1. While screening is intended to be used in schools to identify problems early so they don't escalate, the result is all too often diagnostically labeling a child rather than pursuing system deficiencies that are causing the problem in the first place.
2. Key questions that policy makers must ask themselves when evaluating the use of first-level universal screening in school settings for psychological and mental health problems include:
A. Is such monitoring an appropriate role for schools to play?
B. If so, what procedures are appropriate and who should do the screening?
C. If so, how will schools avoid doing more harm than good in the process?
D. All of the above
3. At times teachers or peers may be expected to monitor students who have been identified through screening practices as being at-risk to themselves or others, but this may distract the teacher and peers from educational goals, and they may be poorly equipped to monitor behavioral health problems.
4. Behaviors of school-aged children that are of concern and may require further screening/assessment include each of the following EXCEPT:
A. Emotions seem excessive, and students display little affect and/or may demonstrate rapid shifts in emotional states
B. Behaviors occur frequently and in a variety of situations and appear rather serious when compared with behavior of other students the same age
C. Students seem overly interested in others, are preoccupied with having a large group of friends, and are unresponsive to social clues and norms
D. Students may have difficulty concentrating and may express very strange thoughts and ideas
5. As part of suicide assessment and follow-up protocol, professionals are advised not to press students to talk about the matter, as this may cause them to feel demeaned or devalued.
6. Although many of the symptoms of substance abuse mirror common characteristics of young people, especially in adolescence, a prevailing pattern of unusual and excessive behaviors and recent dramatic changes in behavior and mood are indicators of potential substance abuse.
7. In addition to decreased motivation for many activities, apathy, and decreased motor skill coordination, indicators of cannabinoid abuse include:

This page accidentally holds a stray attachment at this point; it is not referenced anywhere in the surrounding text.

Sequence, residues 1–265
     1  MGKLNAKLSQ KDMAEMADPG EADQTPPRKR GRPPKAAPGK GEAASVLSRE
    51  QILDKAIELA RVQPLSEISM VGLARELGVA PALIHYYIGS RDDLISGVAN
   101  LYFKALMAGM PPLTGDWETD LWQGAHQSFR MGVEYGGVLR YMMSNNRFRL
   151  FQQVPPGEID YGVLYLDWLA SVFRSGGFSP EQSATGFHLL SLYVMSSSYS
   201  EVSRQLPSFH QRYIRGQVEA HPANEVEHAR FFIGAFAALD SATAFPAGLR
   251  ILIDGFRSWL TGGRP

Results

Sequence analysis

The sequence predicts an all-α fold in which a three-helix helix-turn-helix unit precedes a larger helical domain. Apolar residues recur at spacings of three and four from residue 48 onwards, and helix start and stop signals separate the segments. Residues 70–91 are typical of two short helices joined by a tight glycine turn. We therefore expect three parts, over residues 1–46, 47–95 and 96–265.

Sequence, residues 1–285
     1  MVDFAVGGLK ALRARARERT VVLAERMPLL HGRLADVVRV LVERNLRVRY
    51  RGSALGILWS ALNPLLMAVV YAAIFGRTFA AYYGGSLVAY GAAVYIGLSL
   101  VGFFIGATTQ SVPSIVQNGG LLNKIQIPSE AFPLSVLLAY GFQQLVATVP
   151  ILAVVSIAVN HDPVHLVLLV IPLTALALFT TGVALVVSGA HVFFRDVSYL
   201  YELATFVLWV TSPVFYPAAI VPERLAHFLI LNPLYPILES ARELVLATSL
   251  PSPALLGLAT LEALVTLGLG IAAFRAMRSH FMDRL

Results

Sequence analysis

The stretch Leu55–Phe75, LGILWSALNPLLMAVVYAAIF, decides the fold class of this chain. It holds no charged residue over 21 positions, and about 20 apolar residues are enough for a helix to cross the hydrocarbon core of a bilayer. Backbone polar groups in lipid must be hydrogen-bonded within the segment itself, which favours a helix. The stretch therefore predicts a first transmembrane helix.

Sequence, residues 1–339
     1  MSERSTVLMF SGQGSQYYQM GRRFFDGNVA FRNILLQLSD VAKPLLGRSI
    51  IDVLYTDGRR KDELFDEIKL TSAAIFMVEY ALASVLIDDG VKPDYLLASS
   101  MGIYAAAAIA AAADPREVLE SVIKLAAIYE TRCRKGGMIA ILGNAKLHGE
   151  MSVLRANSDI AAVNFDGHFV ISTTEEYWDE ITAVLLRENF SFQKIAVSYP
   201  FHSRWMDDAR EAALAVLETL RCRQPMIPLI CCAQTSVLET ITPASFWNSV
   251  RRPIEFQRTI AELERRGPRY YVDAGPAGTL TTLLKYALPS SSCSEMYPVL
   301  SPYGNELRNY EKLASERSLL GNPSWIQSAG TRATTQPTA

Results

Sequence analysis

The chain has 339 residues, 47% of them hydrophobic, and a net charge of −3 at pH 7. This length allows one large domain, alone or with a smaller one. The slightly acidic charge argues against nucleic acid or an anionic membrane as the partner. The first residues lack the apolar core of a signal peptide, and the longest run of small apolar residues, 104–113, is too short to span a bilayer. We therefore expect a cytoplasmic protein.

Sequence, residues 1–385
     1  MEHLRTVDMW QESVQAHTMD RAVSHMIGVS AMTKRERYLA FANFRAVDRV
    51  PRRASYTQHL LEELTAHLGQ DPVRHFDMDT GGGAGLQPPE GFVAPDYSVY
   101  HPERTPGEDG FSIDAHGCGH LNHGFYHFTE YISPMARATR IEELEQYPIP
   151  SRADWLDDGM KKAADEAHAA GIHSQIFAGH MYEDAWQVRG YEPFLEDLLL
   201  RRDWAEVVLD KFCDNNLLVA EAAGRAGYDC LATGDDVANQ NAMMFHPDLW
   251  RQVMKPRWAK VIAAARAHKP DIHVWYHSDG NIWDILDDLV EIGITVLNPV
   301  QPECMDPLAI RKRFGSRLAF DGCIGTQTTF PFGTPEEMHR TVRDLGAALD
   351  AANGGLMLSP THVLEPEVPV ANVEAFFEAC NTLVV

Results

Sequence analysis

A. Decreased appetite with chronic use
B. Extreme mood swings
C. Erratic sleep problems
D. Decreased pulse rate
8. When assessing a student after a crisis has occurred, screening questions should include an evaluation of the student's feelings of anger, fear, sadness, and:
9. Which of the following is NOT a correct statement about the use of general screening tools to assess student behavioral health problems and service needs?
A. It is often feasible to directly discuss matters with a student and arrive at a reasonable picture of problems and next steps
B. Parent questionnaires, extensive student self-reports, and behavior rating instruments can be useful to provide data
C. When students are uncertain or reluctant to share their concerns or a staff member is somewhat inexperienced, semi-structured instruments are not recommended, as they tend to be too invasive
D. During the screening process, checklists are often helpful to give a functional picture of the student's issues and needs
10. During an initial counseling interview, appropriate introductory questions include, "How would you describe your current situation?", "What problems are you experiencing?" and "What are your main concerns?"
11. Experts agree that appropriate use/interpretation of screening tools and rating scales is the best way to determine a diagnosis for behavioral health issues.
12. Many school systems are adopting three-tiered models of prevention to support an increasingly diverse student population, with a central feature being:
A. Data that are monitored to determine responsiveness
B. A contract or verbal agreement with the student
C. Interventions for social impairment that results from emotional distress
D. Multiphasic screening to match students with interventions
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